What My Husband's PTSD Trigger Made Me Realize About Trauma
During his stint as a soldier, my husband spent a year in Afghanistan’s volatile Kunar province where he faced enemy fire on an almost-daily basis. One morning in May 2010, rockets tore through the sky, explosions echoed off the surrounding mountains and bullets whizzed through the air — the base was under attack. One of the rounds hit a fuel tank and it exploded, wounding several soldiers, including my husband.
He received a Purple Heart for his injuries that day.
The Veterans Association diagnosed him with moderate post-traumatic stress disorder (PTSD) in 2014, and he’s developed a lot of coping skills to keep his symptoms at bay (for example, he prefers sitting against the wall because he gets jumpy when people walk behind him, and he avoids crowds because he sometimes panics when caught in a large group of people). Yet, even with these protective measures in place, he still suffers from symptoms at least once or twice a month, and we recently ran into an unexpected onset of PTSD symptoms when we went to a live-theater performance in Chicago.
We’d had a great time driving to the show and walking together… But as soon we got in line for tickets to the show, my husband’s attitude shifted. He looked upset.
Maybe he’s changed his mind, I thought. “Do you still want to do this?” I asked. “We can find something else to do.”
“I said I wanted to come, didn’t I?”
I bristled at his irritated tone but let it go as we entered the theater. We waited in silence for the show to start. My husband’s agitation intensified as the minutes ticked by.
An actor from the show soon came out and asked everyone to line up for customized name tags. I started toward the back of the line but my husband stopped me. “We’re getting in the front. I’m not getting in the back of that line!”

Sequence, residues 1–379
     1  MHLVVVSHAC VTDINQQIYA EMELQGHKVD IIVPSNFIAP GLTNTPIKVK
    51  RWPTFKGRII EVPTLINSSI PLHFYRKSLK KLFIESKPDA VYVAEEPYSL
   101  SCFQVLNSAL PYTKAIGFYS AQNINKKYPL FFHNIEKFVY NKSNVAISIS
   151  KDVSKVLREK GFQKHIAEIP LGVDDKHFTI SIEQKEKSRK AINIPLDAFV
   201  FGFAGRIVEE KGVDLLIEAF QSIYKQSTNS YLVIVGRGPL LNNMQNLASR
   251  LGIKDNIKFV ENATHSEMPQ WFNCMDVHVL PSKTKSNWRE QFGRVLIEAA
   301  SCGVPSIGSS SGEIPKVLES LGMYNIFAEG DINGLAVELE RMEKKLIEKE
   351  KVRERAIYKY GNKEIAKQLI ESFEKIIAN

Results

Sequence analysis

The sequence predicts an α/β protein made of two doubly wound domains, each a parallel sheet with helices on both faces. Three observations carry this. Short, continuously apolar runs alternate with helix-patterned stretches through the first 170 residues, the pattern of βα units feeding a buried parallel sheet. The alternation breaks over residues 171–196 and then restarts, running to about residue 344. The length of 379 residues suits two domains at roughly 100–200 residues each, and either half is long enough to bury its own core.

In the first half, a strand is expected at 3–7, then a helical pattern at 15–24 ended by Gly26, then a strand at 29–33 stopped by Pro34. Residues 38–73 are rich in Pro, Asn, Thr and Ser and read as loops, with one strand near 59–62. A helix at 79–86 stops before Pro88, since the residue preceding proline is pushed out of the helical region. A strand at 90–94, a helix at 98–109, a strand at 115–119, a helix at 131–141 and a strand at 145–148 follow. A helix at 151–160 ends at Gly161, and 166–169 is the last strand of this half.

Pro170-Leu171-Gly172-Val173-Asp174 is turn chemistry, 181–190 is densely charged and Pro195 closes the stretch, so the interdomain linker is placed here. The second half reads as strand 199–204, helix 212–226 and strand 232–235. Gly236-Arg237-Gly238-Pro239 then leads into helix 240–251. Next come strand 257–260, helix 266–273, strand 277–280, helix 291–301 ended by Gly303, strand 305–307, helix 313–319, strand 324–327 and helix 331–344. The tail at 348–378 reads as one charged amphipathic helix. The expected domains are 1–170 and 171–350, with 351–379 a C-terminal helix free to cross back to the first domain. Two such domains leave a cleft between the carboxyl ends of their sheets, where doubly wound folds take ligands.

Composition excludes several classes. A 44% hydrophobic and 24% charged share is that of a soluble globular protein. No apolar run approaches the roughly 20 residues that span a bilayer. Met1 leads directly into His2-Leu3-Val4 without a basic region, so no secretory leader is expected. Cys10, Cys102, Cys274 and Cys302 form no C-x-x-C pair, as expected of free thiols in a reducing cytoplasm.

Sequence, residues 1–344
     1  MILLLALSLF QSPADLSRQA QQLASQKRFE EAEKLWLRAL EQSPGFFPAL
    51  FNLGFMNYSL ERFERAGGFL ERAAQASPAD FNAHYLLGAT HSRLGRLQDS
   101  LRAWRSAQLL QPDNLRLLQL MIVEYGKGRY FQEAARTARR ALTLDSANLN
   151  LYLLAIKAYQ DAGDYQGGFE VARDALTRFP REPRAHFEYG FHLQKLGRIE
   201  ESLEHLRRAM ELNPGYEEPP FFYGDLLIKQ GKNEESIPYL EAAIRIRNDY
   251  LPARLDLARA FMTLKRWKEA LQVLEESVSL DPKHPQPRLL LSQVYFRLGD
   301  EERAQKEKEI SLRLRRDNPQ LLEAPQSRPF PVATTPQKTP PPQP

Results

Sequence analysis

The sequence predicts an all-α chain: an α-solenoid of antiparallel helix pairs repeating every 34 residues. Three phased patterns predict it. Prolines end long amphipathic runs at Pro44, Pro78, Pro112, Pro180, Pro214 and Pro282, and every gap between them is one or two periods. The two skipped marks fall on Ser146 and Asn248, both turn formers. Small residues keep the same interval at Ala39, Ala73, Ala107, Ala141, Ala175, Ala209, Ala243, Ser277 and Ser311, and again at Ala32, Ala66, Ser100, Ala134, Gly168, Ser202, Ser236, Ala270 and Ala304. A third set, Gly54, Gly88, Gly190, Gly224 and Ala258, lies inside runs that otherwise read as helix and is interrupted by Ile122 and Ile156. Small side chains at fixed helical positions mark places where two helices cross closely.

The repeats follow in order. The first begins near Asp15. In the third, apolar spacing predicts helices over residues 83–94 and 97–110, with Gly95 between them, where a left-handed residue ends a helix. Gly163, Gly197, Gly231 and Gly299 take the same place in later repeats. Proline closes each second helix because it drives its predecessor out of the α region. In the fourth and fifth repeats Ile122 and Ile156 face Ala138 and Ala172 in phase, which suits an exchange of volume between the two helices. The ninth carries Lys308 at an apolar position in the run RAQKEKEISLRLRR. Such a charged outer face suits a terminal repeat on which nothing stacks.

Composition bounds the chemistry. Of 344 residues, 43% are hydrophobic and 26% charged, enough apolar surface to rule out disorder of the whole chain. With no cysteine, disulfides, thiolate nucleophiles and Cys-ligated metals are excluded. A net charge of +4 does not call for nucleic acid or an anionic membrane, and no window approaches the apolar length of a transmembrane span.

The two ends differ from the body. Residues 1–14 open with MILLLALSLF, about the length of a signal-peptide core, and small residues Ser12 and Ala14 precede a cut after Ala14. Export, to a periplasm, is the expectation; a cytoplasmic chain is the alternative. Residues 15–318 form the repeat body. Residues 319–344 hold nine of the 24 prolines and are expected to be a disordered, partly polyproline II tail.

The people we cut in front of seemed not to care, but I was embarrassed and frustrated with my husband for being so cranky. We have three children, and I couldn’t believe he was acting this way on a rare night out. “What is your problem? Do you want to leave?” I asked, a little more loudly and forcefully than I intended.
“Why do you keep asking me that? I’m fine!”
“Well, you’re acting like a jerk!”
“I don’t like lines. And now we’re in another stupid line for a name tag I don’t even want!”
And then it dawned on me.
My husband wasn’t himself. He was speaking loudly, his speech so pressured that his strong Southern accent was nearly imperceptible. He stood with squared shoulders, a clenched jaw, darting eyes, tense hands and a grimacing face. He was, basically, assuming a defensive position to protect himself from some threat he’d perceived in his environment. The line had triggered his PTSD symptoms.
“Name?” the actress writing names asked.
“Huh?” my husband snapped.
The actress raised her eyebrows and pointed at the tag.
Apparently, I wasn’t the only one picking up on his irritated vibe!
“This means nothing,” my husband said to me, smirking, after she handed him a tag that read “ANGRY BANANA,” and I burst out laughing.